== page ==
(Reuters) - European stocks finished at record highs on Monday, carrying over momentum from October’s gains on the back of strong earnings and as expectations of interest rate hikes supported bank stocks.
The pan-European STOXX 600 closed up 0.7% at a record high of 478.87 points, boosted by a 1.4% jump in bank stocks, as euro zone bond yields surged on expectations of rate hikes by the European Central Bank (ECB) next year. [GVD/EUR]
The bank sector touched its highest level in more than two years, and was the best performer for the day.
The bank-heavy Italian and Spanish indexes rose 1.2% and 1.4%, respectively, while the German DAX added 0.8%.
“There’s a lot of earnings optimism, the feel-good factor of companies bouncing back,” said David Madden, markets analyst at Equiti Capital.
“We spent so much time being afraid of the tapering in September and early October. I think people are now going to see tapering as a positive sign, that you can completely come full circle.”
The STOXX 600 in October recorded its best month in seven with a 4.6% rise, driven by a slew of strong earnings. Refinitiv data last week showed that third quarter earnings in the STOXX 600 are expected to jump 52% from last year.
Investors are now awaiting signals from the U.S. Federal Reserve this week, particularly on when the bank intends to begin tapering pandemic-era stimulus measures.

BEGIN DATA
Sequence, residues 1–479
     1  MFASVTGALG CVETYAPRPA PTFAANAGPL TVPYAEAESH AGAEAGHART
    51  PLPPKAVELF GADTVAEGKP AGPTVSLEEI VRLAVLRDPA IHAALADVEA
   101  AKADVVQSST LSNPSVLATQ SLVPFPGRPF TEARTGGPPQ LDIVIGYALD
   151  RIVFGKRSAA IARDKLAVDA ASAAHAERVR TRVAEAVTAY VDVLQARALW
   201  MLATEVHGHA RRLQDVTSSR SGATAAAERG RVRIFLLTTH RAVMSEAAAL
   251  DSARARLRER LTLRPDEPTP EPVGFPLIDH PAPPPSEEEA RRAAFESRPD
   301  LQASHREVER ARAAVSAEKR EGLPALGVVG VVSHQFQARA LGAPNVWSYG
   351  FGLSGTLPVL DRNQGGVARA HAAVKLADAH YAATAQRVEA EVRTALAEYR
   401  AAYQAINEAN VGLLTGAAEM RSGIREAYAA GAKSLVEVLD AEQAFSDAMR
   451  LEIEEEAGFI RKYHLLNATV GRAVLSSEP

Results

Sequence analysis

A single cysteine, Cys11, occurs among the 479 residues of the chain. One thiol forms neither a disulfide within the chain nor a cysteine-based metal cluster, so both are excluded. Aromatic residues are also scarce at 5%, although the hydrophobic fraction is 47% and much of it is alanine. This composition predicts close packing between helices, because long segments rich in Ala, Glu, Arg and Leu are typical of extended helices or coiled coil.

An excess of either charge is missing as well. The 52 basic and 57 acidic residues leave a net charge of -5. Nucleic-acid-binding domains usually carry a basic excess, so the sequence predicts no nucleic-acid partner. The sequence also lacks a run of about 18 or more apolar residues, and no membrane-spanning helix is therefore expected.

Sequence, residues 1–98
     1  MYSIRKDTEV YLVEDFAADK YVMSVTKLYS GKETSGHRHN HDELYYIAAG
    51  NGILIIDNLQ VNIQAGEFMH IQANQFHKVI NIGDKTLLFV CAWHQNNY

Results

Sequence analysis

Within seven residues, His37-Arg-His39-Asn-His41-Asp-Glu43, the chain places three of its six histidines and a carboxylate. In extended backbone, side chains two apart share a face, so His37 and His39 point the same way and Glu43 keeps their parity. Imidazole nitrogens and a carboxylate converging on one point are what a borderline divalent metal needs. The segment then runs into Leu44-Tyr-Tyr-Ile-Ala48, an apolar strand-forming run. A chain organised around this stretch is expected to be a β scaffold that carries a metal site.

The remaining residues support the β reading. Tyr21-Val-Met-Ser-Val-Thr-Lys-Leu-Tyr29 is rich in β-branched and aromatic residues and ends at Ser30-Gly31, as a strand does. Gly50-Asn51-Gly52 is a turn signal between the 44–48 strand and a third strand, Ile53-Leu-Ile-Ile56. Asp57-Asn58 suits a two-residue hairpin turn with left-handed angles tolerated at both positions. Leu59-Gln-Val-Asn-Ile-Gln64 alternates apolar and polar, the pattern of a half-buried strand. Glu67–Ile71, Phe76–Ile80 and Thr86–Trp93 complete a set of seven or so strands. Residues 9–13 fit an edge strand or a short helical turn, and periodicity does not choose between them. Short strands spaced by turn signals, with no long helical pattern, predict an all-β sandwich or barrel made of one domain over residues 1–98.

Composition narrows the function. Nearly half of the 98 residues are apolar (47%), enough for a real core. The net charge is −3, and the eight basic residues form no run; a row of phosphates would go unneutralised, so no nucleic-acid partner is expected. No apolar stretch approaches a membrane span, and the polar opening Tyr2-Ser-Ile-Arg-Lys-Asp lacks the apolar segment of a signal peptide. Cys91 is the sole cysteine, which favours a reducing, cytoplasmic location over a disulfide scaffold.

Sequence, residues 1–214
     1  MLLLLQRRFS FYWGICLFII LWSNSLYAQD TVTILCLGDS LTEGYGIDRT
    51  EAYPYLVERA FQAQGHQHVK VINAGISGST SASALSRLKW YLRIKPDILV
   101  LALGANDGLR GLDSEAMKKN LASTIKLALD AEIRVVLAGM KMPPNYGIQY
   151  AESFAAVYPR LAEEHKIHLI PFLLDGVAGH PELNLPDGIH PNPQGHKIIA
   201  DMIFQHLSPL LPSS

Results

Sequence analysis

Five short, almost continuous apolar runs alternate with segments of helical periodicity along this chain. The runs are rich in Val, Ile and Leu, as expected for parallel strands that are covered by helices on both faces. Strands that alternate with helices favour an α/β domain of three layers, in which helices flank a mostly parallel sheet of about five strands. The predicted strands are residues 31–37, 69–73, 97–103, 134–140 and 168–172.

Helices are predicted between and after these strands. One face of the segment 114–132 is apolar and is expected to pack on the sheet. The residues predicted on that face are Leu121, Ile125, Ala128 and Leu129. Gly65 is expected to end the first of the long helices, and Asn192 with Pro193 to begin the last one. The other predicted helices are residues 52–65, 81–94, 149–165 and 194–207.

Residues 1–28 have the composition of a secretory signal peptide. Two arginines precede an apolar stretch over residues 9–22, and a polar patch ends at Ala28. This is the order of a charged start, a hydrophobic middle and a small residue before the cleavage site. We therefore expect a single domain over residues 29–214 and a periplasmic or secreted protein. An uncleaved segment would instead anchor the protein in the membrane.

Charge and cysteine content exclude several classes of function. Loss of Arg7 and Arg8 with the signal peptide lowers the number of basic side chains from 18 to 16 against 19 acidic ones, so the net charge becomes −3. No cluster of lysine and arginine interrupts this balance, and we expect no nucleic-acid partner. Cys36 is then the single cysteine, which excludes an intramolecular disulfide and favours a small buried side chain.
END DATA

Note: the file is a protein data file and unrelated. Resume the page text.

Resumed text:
Among individual stocks, shares in German conglomerate Thyssenkrupp and steelmaker Salzgitter rose 2.4% and 1.9%, respectively, after the U.S. and the European Union ended a dispute over steel and aluminium tariffs.
French drugmaker Sanofi gained 2.2% after HSBC upgraded the stock to “buy”.
Volkswagen inched up 0.4% after saying its Skoda Auto would resume production on Sunday following a two-week outage caused by the chip crisis.
Britain’s FTSE 100 rose 0.6%. Barclays dipped 1.6% after it said Chief Executive Officer Jes Staley will stand down following regulators’ investigations into his ties with convicted sex offender Jeffrey Epstein.
Pandora fell 1.2% after an earnings update from the world’s largest jewellery maker showed weak sales growth at its own stores in the third quarter.
Budget airline operator Ryanair rose 1.2% after it reported its first quarterly profit since before COVID-19. But gains in the stock were stifled as the firm downgraded its annual forecast to a loss.
Reporting by Anisha Sircar in Bengaluru; Editing by Subhranshu Sahu, Sriraj Kalluvila and Andrew Heavens
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